Some highlights:

  • The FOMC will release projections four times a year rather than two
  • Forecasts will be extended to three years from two
  • FOMC meeting members will provide forecasts for overall and core price inflation, real GDP and the unemployment rate, and drop nominal GDP
  • The Fed will also publish a comparison with the previous set of quarterly projections, along with new charts and ranges for each variable
  • Explanations of the projections will be published with the minutes of the meeting at which they were discussed. The descriptions will show the outcomes that participants see as most likely, and also possible risks.

The first expanded projections, which now will go through 2010, will be released with the Oct. 30-31 FOMC meeting minutes on Nov. 20.

"Bernanke's message? He's talking the headline inflation rate," said CNBC's Larry Kudlow. "That's going to mean no lower rates for many months."

"It just takes easing off the table for several months ... no more core inflation. No more core bulls**t."

Ok, we know he feels strongly about that. Core inflation are the numbers in PPI and CPI that leave out energy and food costs, two areas we know are on the rise. Obviously data that includes those items would show prices moving higher than current core data shows.

CNBC's Rick Santelli saw things similarly. "The Fed now is moving toward acknowledging and even saying that headline inflation is a better long-term gauge over core ... All of my past trading buddies and sources say it's a good move by the Fed," Santelli said. "They're really happy that those of us that eat, drink and drive are more in sync with the Fed. There's one issue though of why. Is there a scary side to that move or is Bernanke trying to get ahead of the curve?"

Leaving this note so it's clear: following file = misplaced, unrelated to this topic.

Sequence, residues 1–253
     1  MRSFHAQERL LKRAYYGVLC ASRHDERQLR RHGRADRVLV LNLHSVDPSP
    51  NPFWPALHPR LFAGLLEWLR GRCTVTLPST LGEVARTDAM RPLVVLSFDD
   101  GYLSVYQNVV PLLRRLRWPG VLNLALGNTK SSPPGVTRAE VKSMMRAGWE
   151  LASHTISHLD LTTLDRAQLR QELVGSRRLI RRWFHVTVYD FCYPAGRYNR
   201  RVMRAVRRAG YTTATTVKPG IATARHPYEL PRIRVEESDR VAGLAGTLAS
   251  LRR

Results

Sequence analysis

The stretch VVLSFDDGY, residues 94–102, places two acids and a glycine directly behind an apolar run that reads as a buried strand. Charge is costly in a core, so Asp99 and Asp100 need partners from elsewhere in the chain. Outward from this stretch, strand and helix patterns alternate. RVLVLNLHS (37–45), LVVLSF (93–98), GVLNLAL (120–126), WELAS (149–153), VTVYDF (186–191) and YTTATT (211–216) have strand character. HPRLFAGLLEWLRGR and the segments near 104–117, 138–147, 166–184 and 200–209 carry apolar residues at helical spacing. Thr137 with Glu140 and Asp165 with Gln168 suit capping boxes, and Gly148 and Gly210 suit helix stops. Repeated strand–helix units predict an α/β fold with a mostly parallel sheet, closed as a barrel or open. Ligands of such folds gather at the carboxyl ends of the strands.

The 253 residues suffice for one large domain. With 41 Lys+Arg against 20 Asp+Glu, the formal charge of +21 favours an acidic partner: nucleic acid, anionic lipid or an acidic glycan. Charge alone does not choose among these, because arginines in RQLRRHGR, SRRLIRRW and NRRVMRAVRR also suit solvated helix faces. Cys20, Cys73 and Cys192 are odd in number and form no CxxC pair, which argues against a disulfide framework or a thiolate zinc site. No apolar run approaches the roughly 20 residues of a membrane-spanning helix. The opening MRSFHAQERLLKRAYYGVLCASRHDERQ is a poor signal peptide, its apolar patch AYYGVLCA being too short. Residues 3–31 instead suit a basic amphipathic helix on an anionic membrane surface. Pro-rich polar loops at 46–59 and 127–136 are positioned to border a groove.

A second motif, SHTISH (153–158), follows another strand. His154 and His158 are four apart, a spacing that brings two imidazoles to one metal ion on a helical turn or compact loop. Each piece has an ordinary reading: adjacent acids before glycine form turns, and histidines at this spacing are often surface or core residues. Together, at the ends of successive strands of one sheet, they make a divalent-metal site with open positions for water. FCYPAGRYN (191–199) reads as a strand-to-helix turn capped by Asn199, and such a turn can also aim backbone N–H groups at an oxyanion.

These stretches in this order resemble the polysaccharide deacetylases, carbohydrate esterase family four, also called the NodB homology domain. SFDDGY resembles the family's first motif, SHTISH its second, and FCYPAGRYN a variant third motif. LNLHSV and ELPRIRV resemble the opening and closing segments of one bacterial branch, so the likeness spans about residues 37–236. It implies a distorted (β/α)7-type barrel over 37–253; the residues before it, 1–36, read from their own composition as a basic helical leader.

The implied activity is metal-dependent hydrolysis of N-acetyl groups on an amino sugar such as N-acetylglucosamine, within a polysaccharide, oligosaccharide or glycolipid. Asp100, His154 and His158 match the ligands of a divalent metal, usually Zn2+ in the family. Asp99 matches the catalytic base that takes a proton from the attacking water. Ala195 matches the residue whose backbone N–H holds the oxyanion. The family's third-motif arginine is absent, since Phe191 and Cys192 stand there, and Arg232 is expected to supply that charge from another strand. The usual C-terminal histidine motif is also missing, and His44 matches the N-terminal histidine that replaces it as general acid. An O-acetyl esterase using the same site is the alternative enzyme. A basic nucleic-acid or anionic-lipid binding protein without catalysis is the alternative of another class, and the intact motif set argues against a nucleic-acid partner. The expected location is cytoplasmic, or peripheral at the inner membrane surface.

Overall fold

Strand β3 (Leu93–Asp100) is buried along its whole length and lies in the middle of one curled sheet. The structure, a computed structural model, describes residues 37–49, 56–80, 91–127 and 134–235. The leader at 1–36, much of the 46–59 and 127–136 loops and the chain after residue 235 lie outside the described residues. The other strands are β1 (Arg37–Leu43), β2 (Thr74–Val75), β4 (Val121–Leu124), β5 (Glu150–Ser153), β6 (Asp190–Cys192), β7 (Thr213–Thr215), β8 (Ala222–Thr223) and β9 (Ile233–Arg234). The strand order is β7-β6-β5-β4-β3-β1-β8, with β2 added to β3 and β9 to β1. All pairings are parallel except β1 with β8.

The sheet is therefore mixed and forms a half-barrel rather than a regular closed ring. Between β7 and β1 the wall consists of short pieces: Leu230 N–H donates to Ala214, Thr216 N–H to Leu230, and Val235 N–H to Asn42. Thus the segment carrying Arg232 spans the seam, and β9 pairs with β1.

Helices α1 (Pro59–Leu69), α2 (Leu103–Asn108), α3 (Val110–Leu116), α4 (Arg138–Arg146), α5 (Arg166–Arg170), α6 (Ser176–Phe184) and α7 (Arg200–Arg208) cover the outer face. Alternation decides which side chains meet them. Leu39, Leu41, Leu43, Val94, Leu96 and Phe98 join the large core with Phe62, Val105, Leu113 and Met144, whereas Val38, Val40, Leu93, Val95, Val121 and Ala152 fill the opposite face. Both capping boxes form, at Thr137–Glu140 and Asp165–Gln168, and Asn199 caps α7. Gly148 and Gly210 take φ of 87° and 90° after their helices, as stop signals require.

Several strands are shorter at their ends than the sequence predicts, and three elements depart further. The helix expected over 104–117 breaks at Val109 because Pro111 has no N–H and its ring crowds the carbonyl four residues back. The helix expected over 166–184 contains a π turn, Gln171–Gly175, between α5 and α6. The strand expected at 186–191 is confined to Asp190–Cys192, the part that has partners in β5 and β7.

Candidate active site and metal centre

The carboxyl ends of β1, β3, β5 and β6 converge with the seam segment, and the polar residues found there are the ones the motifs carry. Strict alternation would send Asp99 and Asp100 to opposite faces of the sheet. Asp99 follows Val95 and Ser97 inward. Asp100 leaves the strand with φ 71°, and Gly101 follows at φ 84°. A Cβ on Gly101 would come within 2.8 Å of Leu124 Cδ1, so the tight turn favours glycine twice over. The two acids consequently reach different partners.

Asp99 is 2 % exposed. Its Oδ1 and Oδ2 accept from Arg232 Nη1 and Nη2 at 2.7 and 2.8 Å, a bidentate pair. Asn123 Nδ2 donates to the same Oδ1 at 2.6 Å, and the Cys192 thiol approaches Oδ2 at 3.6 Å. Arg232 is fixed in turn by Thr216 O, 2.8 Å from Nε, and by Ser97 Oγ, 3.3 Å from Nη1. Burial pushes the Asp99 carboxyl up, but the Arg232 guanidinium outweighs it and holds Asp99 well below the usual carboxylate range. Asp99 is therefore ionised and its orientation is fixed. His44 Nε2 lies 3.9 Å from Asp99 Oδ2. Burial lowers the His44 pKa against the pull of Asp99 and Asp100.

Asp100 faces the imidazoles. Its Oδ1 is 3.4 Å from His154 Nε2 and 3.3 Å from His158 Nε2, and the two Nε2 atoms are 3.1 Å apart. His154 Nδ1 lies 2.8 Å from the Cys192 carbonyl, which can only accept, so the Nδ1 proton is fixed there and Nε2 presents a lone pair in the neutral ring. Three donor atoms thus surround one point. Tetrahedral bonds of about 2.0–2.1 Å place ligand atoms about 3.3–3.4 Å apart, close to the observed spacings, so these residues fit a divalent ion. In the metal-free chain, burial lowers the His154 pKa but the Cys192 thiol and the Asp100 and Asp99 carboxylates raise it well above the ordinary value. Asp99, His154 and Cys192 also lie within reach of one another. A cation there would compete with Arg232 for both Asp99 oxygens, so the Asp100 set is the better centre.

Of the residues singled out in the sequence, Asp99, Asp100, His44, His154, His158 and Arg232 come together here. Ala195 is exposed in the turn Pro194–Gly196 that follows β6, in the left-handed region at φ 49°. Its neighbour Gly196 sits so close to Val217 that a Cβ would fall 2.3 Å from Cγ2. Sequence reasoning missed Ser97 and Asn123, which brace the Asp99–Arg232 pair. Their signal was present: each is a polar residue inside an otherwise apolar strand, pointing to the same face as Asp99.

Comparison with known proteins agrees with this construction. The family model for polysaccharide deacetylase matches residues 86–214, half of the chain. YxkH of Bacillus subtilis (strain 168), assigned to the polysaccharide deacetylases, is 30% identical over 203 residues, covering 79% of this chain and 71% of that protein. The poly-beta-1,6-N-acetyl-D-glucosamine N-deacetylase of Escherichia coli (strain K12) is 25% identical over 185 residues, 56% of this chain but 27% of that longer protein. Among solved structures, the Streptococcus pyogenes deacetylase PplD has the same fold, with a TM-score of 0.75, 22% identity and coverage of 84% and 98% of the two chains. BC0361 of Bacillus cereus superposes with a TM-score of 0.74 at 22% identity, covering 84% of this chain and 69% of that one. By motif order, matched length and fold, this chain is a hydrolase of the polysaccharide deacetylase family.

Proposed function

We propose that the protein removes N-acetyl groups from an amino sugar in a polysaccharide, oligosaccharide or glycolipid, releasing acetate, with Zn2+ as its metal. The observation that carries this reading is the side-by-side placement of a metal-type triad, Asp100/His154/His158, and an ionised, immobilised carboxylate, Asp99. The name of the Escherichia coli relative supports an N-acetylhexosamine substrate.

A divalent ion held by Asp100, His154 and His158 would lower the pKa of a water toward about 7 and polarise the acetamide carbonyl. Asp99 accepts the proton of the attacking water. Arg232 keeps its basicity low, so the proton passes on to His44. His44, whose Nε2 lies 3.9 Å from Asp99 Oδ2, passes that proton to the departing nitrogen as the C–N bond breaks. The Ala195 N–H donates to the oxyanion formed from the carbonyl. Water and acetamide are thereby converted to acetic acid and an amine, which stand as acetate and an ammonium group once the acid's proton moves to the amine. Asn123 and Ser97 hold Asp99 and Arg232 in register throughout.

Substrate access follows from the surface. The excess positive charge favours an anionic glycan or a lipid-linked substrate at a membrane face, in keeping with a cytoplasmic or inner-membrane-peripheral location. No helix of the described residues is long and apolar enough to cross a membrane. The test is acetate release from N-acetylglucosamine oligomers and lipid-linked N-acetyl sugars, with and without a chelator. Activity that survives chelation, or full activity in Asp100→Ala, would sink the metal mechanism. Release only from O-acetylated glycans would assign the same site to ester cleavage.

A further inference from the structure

Half Way There?

A majority of economists surveyed by the Wall Street Journal said the credit crunch and period of market turmoil is about half over. Another 15% said it was mostly over, and a cranky 25% said it is still in the early stages.

The Wall Street Journal's latest economist survey also showed the 55 economists saw housing as the biggest downside risk to their forecasts (30%), then the credit crunch (28%).

But there were some warning signs for those who hold out hope the American consumer will continue to act as a spend thrift Atlas of sorts, holding the world economy on its back. Four out of five of the economists saw the housing market's problems spilling over into consumer spending.

Merrill Lynch Wednesday released its latest survey on global fund managers which showed the majority of have not dramatically changed their strategies but they are becoming more nervous about the long term credit outlook. The majority also still favor stocks and believe the global economy can withstand a downturn in the U.S.

Meltdown

United Rentals stock lost 30% of its value Wednesday. The company said Cerberus Capital Management is pulling its $4 billion takeover offer, the latest casualty of the credit crunch.

In another, odd merger story, Delta Airlines denied a news wire report that it is in talks with United Airlines about a merger. Delta earlier said though it had formed a committee to study its strategic options, including mergers. Hedge fund Pardus Capital said it favors the idea of a merger with UAL .

Questions? Comments? marketinsider@cnbc.com

  • Patti Domm

    Patti Domm is CNBC Executive Editor, News, responsible for news coverage of the markets and economy.

  • A CNBC reporter since 1990, Bob Pisani covers Wall Street from the floor of the New York Stock Exchange.

  • CNBC Personal Finance Correspondent

  • JeeYeon Park is a writer for CNBC.com. Follow her on Twitter: @JeeYeonParkCNBC

  • Rick Santelli joined CNBC Business News as an on-air editor in 1999, reporting live from the floor of the Chicago Board of Trade.

  • Senior Producer at CNBC's Breaking News Desk.